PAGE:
This isn’t romantic kind of love, unless you’re into that kind of thing (and we’re not judging). But it’s a love borne of responsibility, and those tasked with managing user, customer, and internal data have to bear that responsibility and carry out whatever measures will keep it secure. You don’t have to love writing remediation scripts to make your security posture more manageable, but you have to love maintaining control and order. Without that, you’ll lose one of your most critical competitive weapons, and there will most certainly be no love sent in your direction.

Security is not a zero-sum effort. Your cloud environment, for example, is a dynamic state, so you’re always working to achieve and maintain a level of security that is acceptable; the process is a continuous one and will always require attention. Like any type of security, obsessiveness may serve a purpose, but it probably won’t help you achieve your goals because a dent in your security posture could come from innumerable possible places. Sitting around staring at it doesn’t constitute constitute effective management of it, and frankly, it doesn’t accomplish much, either. This is where automation is key; automated and continuous monitoring of security controls in a cloud environment will keep you aware of the pulse and specifics of your resources and data, and it will free you to think about some of the more strategic aspects of keeping your infrastructure safe.

Security is, when done in the interests of others as well as yourself, an act of love. So on a day that celebrates love, let us not forget why we do what we do. We who endeavor to keep things safe love security, and even though we may not get a box of nuts and chews for it, we aren’t truly happy unless we spread that love…across every cloud resource, service, and environment.

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Cloud Security This Week – February 9, 2018 ../cloud-security-this-week-02092018/ ../cloud-security-this-week-02092018/#respond Fri, 09 Feb 2018 16:54:00 +0000 https://54.68.13.86/?p=2299 New from Evident.io WEBINAR: The Evolution of DevSecOps Revisited Register for our webinar on Thursday, February 22nd, 2018 where our panel of experts will discuss relationship between DevOps and SecOps and explore whether or not it has evolved to be as harmonious as we hoped. The Growth Mindset Applied to Cloud Security in Five Steps... Read more »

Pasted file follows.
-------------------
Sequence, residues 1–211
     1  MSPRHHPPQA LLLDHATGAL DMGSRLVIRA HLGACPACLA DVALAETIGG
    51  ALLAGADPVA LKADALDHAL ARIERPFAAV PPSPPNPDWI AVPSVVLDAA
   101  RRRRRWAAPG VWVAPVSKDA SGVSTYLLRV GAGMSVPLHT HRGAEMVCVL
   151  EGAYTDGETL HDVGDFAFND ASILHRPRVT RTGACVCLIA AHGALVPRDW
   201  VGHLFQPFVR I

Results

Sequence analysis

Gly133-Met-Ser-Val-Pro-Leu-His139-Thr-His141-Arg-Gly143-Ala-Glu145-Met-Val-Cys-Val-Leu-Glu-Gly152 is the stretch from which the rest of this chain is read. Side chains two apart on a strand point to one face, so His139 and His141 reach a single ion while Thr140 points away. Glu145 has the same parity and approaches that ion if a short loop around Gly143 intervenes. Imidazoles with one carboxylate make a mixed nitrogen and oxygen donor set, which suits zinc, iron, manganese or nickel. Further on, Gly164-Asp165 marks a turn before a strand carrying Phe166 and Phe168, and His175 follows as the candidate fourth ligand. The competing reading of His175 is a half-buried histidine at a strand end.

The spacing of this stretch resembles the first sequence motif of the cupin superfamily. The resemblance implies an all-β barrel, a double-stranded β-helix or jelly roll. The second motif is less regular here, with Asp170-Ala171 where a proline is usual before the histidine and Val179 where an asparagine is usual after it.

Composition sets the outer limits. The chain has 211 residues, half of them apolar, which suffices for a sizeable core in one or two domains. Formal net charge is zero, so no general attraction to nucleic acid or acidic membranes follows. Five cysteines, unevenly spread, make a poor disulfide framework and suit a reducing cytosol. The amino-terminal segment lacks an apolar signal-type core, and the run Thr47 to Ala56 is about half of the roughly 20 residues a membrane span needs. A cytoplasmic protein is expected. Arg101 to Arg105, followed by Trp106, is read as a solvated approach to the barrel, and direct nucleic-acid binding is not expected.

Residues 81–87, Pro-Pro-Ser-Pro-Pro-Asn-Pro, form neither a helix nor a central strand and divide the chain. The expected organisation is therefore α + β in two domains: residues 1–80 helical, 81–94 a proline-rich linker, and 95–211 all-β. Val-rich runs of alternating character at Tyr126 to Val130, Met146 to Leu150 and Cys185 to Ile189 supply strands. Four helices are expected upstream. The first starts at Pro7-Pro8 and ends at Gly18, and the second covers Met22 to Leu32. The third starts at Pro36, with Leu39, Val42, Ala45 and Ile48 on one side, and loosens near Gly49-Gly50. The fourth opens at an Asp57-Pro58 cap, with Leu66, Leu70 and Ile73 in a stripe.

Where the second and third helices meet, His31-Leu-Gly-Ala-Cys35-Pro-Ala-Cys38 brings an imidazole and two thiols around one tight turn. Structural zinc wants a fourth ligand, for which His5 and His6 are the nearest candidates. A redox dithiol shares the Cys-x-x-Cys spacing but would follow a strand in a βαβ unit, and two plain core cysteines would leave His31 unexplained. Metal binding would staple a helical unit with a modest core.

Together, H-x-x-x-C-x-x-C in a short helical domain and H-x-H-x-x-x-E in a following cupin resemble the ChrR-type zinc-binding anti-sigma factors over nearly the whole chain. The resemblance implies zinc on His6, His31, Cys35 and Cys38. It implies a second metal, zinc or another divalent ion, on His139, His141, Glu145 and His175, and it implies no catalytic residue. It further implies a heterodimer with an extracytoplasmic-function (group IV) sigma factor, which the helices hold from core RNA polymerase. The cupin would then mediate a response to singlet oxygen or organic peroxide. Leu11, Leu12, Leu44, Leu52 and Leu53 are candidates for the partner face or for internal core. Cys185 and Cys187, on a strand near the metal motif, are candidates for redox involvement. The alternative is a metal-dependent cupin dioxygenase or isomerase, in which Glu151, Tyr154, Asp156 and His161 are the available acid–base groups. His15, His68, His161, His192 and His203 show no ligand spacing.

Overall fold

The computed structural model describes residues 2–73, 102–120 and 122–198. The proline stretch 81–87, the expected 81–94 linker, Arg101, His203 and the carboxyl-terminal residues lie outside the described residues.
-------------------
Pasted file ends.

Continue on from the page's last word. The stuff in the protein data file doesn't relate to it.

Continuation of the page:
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New from Evident.io
WEBINAR: The Evolution of DevSecOps Revisited
Register for our webinar on Thursday, February 22nd, 2018 where our panel of experts will discuss relationship between DevOps and SecOps and explore whether or not it has evolved to be as harmonious as we hoped.

The Growth Mindset Applied to Cloud Security in Five Steps
Cloud security never stops, so it behooves IT teams to approach their security efforts with a growth mindset and focus on continuous improvement in managing their organization’s security posture.

Measure Your Cloud Security in 5 Steps
Because of constant change, you’re never dealing with the same cloud environment for very long, so it makes measurement difficult. Here are five steps to follow to determine if your team is actually making progress towards your cloud security and compliance goals.

The Stoic’s Guide to Cloud Security
Stoics practiced negative visualization; think about what you DON’T want to happen so you can experience its pain without having to actually go through its consequences. Turns out, it’s also a pretty good strategy for those responsible for the security of their organization’s cloud environment.

16 Ways to Protect Your Cloud from Ransomware
Cloud environments with poor configuration, lack of policies, and permissive behaviors lead to too many openings that are exploitable by ransomware. In this ebook, we look at the different pieces of the cloud stack and address their unique security needs with precautions that enterprises should take to make their environment far more resistant to ransomware threats.

News and Perspectives on Cloud Security
New Zero-Day Ransomware Evades Microsoft, Google Cloud Malware Detection
Google Drive and Microsoft Office 365, both of which have built-in malware protection, failed to identify a new form of Gojdue ransomware dubbed Shurl0ckr. The zero-day ransomware evaded most major antivirus platforms: only seven percent of 67 tested tools detected it.